Sunday, March 18, 2012

Peruvian Street Musician Marketing and the NPR Pledge Drive

Spring is in the air - robins are hopping about the driveway, the grass is greening with the March rains, and NPR is making its listeners suffer through another pledge drive. For those of you who listen to NPR, the irksome nature of the pledge drive needs no introduction. For the rest of you, a quick overview - NPR reporters regularly interrupt programming to give a repetitive reminder the current program is only possible because of donations. 

Okay - I understand the need for donations and believe in the mission of NPR. No problem. But I find one of their marketing strategies odd. They remind their listeners frequently and explicitly that they will stop asking for money and get back to regularly scheduled programming as soon as they reach their funding goals. This hostage marketing strategy reminds me of the time I was drinking cremoladas at a sidewalk cafe in downtown Pucallpa and our table was serenaded by two untalented musicians. They sang until my friend tipped them then they promptly left. "It's Pucallpa marketing," she explained, "You pay them not to sing."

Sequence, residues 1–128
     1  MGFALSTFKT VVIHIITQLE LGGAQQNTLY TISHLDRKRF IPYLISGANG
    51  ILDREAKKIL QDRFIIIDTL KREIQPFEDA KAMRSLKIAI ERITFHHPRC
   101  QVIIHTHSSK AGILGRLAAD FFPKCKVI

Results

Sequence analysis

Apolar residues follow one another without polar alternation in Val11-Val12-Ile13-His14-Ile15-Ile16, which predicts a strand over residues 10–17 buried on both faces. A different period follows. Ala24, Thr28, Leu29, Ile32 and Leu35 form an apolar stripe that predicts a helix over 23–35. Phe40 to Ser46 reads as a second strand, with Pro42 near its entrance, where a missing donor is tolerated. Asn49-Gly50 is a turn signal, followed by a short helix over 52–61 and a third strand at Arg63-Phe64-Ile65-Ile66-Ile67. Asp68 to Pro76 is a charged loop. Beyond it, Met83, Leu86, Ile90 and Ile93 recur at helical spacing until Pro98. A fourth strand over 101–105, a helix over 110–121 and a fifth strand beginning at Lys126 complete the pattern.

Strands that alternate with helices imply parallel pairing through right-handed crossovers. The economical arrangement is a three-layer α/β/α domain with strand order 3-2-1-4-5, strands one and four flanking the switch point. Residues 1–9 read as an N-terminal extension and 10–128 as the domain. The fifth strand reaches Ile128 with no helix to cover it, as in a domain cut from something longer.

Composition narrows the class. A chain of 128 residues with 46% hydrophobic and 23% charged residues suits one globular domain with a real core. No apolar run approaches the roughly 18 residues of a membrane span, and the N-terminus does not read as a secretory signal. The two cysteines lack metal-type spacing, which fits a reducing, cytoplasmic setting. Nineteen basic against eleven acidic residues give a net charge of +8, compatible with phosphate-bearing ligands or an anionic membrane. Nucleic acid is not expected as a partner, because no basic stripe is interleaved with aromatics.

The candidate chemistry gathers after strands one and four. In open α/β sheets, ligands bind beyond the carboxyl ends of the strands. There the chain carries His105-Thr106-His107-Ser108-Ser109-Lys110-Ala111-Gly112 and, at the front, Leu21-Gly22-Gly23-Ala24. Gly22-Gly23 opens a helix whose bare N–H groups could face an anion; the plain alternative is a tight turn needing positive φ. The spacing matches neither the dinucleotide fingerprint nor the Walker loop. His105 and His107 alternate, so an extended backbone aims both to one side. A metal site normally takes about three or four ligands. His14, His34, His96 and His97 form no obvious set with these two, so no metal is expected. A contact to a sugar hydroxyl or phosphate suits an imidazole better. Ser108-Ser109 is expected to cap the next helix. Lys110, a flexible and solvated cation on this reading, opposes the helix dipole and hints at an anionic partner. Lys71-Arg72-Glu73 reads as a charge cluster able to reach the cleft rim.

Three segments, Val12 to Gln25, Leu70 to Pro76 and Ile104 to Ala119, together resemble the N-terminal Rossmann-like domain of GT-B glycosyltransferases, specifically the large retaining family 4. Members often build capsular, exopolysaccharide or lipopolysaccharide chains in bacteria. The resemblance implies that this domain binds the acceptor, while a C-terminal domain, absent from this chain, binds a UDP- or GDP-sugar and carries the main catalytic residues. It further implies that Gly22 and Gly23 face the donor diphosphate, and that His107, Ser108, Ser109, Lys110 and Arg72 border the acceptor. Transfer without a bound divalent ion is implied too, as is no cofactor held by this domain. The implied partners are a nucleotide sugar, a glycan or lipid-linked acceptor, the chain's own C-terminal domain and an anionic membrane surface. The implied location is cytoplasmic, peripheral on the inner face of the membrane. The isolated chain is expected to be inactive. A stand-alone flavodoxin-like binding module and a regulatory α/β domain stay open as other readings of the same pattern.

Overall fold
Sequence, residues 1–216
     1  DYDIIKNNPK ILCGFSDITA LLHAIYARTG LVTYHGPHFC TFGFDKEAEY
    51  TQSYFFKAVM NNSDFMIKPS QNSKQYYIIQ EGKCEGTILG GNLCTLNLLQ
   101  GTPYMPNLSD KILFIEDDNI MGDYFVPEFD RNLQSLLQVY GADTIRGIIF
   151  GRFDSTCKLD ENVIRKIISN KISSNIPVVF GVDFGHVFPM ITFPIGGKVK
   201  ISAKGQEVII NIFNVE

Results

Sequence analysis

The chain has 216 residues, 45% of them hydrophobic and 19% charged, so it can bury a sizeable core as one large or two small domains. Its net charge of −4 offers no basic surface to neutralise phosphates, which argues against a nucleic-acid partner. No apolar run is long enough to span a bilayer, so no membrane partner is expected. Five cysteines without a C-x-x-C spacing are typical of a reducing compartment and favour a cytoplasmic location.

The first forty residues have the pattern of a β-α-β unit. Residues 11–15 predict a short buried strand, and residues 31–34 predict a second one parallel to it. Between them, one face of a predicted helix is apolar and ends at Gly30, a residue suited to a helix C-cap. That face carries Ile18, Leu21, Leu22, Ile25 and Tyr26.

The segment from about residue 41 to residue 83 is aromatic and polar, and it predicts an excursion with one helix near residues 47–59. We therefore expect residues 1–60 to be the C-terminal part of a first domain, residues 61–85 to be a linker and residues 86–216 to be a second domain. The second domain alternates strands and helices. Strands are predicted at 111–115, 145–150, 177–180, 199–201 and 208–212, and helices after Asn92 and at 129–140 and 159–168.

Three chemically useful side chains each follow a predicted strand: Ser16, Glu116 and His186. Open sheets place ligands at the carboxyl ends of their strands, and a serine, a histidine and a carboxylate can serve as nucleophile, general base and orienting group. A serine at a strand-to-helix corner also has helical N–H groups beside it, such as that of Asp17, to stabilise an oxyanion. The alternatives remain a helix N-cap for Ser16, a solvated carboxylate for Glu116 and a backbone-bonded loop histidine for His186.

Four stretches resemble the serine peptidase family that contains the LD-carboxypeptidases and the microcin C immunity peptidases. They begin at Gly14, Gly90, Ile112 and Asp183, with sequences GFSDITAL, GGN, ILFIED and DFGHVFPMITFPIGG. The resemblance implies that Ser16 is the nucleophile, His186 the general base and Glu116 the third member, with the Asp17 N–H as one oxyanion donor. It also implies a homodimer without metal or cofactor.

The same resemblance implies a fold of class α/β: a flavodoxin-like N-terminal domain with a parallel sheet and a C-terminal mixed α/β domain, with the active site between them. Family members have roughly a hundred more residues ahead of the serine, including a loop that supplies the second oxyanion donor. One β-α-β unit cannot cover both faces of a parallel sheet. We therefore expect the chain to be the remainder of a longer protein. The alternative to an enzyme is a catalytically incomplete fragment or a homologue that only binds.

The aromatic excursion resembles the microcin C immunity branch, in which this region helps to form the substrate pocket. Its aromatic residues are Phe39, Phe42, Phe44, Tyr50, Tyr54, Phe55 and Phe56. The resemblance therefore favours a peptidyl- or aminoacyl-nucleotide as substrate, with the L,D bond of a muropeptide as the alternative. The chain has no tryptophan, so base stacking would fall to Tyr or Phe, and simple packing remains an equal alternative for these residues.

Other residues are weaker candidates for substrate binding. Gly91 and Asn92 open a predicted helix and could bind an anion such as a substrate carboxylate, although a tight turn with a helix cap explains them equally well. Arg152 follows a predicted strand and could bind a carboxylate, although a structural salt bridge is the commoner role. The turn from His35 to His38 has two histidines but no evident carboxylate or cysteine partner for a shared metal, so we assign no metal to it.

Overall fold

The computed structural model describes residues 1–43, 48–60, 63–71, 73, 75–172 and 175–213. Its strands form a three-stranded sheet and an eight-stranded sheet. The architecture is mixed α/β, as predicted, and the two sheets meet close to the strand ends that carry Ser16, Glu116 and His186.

1. M - thank you for the laugh today. Hostage marketing. Great.

  2. Interesting thought, but I hope NPR is more like the New York City street performers, who are so good people don't want them to go away... like this one: Of course, in NYC they don't ambush people like you described, standing by a restaurant's table - I can see how that can be annoying.

  3. Now that is something I would gladly empty my pockets for. Brava.


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Sigh No More